2. TAX‐DEFERRED ACCOUNTS
- What they are: The UC Retirement Plan and the UC 403(b), 457(b), and DC Plans are examples of tax-deferred accounts, as are 401(k) plans and traditional IRAs. Most, or all, of your contributions to these accounts are made before taxes. That means you’ll owe income taxes on those contributions when you withdraw them in retirement. Any earnings from these accounts are also typically taxed as ordinary income when they’re withdrawn.
- How it works: Although you’ll have to pay ordinary income taxes when you withdraw pretax contributions and earnings from a tax‐deferred retirement account, at least you’ve given these assets extra time to potentially grow by taking withdrawals from any taxable accounts first.
- What to know: You may find yourself in a lower income tax bracket as you get older, so the total tax on your withdrawals could be less. On the other hand, if your withdrawals bump you into a higher tax bracket, you might want to consider withdrawals from tax‐exempt accounts first. Finally, if you are age 72 as of January 1, 2020, make sure you understand the rules for your MRDs. This can be complex, and it may be a good idea to consult a tax professional.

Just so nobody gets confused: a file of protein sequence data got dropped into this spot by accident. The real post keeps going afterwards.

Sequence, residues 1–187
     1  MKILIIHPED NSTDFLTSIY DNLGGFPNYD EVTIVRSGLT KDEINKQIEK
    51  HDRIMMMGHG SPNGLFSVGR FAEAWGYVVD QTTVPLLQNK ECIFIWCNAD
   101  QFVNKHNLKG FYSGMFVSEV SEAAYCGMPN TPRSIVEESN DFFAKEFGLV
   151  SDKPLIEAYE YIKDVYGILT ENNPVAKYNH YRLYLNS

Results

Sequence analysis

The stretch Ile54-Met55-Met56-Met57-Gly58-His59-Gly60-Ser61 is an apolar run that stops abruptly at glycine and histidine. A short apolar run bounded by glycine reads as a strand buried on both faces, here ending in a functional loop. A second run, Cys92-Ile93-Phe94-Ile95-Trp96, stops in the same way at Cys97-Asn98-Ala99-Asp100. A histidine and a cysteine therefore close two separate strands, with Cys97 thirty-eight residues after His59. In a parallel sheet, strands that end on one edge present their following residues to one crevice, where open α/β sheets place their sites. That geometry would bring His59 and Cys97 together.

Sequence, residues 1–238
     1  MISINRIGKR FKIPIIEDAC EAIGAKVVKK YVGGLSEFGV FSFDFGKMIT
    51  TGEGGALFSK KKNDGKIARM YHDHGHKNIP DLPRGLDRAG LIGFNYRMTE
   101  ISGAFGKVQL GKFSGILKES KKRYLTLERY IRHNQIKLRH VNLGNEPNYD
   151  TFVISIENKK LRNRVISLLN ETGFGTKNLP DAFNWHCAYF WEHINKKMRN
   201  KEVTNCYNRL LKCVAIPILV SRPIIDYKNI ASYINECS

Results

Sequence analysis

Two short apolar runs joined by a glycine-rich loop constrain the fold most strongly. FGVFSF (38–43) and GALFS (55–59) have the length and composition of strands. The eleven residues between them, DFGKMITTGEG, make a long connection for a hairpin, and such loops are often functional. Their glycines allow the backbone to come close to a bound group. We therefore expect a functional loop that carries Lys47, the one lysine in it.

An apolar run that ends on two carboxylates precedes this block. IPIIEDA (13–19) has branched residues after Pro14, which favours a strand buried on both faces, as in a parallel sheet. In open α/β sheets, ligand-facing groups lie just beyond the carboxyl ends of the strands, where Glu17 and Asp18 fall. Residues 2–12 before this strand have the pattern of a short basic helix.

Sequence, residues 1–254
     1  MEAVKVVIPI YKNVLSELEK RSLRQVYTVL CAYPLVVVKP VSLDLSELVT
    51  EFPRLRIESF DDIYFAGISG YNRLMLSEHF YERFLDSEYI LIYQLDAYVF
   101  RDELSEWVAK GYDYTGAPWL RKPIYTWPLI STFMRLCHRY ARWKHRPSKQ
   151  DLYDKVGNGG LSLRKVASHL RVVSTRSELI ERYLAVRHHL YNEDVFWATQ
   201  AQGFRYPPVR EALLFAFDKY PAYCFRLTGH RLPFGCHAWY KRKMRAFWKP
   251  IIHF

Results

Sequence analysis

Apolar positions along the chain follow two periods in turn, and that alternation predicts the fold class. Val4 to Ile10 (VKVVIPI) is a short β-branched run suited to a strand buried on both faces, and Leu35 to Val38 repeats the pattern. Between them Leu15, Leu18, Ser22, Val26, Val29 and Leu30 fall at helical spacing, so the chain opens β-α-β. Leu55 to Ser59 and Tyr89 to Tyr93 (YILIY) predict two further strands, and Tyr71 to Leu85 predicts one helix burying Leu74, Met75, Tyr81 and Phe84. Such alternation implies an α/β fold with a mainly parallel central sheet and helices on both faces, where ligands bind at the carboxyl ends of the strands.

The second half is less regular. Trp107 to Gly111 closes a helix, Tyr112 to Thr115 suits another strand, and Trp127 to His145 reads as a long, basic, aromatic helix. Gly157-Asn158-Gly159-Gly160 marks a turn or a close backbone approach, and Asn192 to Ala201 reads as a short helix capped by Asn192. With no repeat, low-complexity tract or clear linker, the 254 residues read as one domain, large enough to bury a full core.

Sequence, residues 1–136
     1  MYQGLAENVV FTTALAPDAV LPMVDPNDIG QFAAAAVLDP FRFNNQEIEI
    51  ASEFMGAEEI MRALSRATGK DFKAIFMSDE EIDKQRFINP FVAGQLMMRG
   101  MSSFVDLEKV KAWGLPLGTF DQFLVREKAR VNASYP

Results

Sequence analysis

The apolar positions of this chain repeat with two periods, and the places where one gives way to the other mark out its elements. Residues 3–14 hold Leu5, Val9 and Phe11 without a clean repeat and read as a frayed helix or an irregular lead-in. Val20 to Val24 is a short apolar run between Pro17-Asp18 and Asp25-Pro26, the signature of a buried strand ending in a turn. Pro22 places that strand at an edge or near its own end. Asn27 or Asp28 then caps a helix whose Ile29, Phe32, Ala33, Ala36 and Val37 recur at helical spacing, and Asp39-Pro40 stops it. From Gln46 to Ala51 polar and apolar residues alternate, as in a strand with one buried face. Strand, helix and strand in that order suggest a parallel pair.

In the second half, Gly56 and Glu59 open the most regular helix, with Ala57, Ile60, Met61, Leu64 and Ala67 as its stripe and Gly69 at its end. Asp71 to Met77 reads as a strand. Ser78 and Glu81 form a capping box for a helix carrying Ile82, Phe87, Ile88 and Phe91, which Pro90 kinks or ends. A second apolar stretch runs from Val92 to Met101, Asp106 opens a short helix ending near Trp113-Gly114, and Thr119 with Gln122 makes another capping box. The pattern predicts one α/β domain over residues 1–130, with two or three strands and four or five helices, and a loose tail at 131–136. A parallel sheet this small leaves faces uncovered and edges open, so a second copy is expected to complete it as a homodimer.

3. TAX-EXEMPT ACCOUNTS
- What they are: Health savings accounts (HSAs) and Roth IRAs are examples of tax-exempt accounts. As long as certain conditions are met, your earnings in these accounts aren’t taxable. And while contributions to a Roth account are typically made after taxes, contributions to your UC HSA are made before taxes, which gives you an immediate tax advantage, too.
- How it works: Last in line for withdrawals is money in any tax‐exempt accounts. These withdrawals are tax-free, as long as certain conditions are met. So the longer you can leave these savings untouched, the longer the potential for them to generate tax‐free earnings. And leaving these accounts untouched for as long as possible may have other significant benefits. For example, if you have a large unexpected medical bill, you can withdraw money from an HSA to pay for it without triggering a tax liability.